Everyone knows the lovely song of a countertop coffee grinder. Even if you shop for pre-ground at the store, no coffee shop soundtrack is complete without that high-pitched whiz-crunch-bur.
THE PROPELLER GRINDER
As common as they are, those cylindrical, electric grinders with the little spinning blades (technically called “propeller grinders”) are notoriously underutilized. You can use the same thing to grind nuts, seeds, chilies, and whole or coarse spices and herbs.
While some grinders are manufactured specifically for these uses, the everyday version sold for coffee works just fine. It couldn’t hurt to invest in a heavier duty one like Cuisinart’s, which comes with a sturdier motor and removable bowl with airtight lid for storage—but you can certainly get by without it.
WHY YOU NEED IT
There are a few reasons why grinding at home is worth the extra step. First and foremost: flavor. Fresh grinding your own whole spices produces a way more intense level of flavor than using the pre-ground variety. The oils released during the grinding process deteriorate quickly, so you can use a smaller amount of fresh-ground spices and preserve more of their essence in your final product.
It also stretches out your shelf-life—while ground spices typically lose most of their pizzazz after six months, whole spices last up to a year.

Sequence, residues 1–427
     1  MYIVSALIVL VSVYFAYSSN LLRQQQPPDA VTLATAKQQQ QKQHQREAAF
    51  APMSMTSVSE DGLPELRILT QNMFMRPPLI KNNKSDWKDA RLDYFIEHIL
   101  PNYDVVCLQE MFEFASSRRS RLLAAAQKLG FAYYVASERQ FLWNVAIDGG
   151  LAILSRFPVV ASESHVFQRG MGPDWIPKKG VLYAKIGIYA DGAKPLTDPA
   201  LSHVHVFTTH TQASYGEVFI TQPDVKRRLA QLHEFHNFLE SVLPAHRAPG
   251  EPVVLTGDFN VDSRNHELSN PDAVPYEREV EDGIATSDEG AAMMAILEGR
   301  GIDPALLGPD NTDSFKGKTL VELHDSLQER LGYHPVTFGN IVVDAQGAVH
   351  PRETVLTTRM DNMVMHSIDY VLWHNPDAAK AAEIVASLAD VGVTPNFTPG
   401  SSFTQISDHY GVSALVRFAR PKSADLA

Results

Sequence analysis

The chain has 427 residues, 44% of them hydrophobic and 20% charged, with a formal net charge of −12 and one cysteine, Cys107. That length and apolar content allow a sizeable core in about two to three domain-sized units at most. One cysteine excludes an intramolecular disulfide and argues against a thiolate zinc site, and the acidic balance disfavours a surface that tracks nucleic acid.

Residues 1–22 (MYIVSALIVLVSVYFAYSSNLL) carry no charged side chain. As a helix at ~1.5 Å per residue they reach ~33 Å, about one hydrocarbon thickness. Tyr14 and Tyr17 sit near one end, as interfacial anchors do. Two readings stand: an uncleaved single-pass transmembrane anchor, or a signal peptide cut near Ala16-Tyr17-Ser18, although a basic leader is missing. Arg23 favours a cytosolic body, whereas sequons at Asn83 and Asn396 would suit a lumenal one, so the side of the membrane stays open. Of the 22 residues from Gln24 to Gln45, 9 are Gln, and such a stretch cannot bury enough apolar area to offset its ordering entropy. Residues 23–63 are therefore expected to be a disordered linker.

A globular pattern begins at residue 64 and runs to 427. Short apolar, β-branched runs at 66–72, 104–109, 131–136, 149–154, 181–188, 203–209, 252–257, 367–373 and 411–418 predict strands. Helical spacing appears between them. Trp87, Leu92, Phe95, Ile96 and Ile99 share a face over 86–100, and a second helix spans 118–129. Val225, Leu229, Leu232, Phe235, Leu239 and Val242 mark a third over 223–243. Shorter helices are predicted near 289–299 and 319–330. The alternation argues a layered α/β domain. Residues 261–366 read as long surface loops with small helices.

WHY IT BEATS THE SPICE MILL
So what’s the difference between using a countertop grinder and a spice mill? While mills work great for single or small servings, grinders can work through much larger quantities and much bulkier, denser products without laying a major workout on your wrist. Even compared to electric mills, grinders are faster and more powerful.
Instead of going for bottled or envelope spice mixes like Montreal Steak, Ranch or Madras Curry, why not try looking up the individual components and grinding your own? Not only do I promise that you’ll appreciate it more (both for having done it yourself and for the incredible difference in taste), it’ll also work out to be much cheaper in the long run.
One word of caution before you get grind-happy: If you decide to use a regular ‘ole coffee grinder, make sure it’s easy to tell apart (and keep away) from the one you actually use for your cuppa’ Joe—or else brace yourself for a very interesting morning brew.